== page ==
But the blank page can be a frightening prospect and many would be writers worry themselves about how to begin because great beginnings are remembered.
But it's not like the complete idea exists in its entirety in the air at the time you begin writing. It is not just waiting for you to place it neatly on the page. But the page is not an Asian rock garden.
Maybe the page is more like a wild jungle and the idea, carefully hidden, is waiting to be sprung like a booby trap with just the right sequence of moves. And although syntax is often the difference between verse and poem, between a good working draft and a moving final product, this ides still suggests that the idea is completely there waiting to be discovered.
Ideas are formed and matured on the page. Before their life on the page, they gestate in our minds like a fetus, but they are only a fetus, unable to exist outside of ourselves. At least, not yet.
Is the page a no-man's land where words fling themselves over the top in the littlest hope of advancing an idea a few feet? If this were true, writing wouldn't be much fun. There's probably not one person around anymore who experienced first hand the war that changed the face of war. WWI is nearly a hundred years old by now.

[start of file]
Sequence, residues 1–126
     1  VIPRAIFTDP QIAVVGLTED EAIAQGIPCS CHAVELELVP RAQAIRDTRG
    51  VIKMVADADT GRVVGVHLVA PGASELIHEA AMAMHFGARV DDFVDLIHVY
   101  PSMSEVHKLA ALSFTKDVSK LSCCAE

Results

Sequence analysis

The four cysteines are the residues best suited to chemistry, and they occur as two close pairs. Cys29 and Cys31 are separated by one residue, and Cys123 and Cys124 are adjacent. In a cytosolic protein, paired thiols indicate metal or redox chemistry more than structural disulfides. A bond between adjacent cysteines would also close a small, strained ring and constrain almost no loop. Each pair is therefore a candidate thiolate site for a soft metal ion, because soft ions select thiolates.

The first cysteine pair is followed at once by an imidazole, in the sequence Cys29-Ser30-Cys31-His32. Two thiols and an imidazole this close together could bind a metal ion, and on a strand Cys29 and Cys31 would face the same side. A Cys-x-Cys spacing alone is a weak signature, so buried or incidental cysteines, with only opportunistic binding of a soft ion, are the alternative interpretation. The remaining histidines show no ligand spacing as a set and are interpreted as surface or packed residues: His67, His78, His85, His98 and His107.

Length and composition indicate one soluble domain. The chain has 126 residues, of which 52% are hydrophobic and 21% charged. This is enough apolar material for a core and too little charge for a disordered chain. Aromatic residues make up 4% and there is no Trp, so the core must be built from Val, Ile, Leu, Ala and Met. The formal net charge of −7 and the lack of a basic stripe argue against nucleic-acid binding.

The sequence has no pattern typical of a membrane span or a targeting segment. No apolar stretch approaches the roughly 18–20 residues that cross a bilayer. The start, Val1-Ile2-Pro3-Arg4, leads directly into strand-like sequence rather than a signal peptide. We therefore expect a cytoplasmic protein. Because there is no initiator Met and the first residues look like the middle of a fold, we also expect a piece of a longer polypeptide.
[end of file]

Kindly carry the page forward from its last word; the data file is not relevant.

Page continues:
I think the page is a factory floor that you can fit the whole universe into. (Yes, I intend to evoke images from The Hitchhiker's Guide to the Galaxy here.) The word is galoshes and I have to make it a poignant idea, instead of word that's fun to say.
Drafting is by far the funnest part of writing for me. You play with all the possibilities and then you choose one to go with.
For the past few years, I chose the no-mans land, the hopeless shooting match. But as of a few weeks ago, I'm choosing the factory floor.
By the way...
After the accident,
the street was cleared and water
poured into the rain
gutters and also into
his empty galoshes.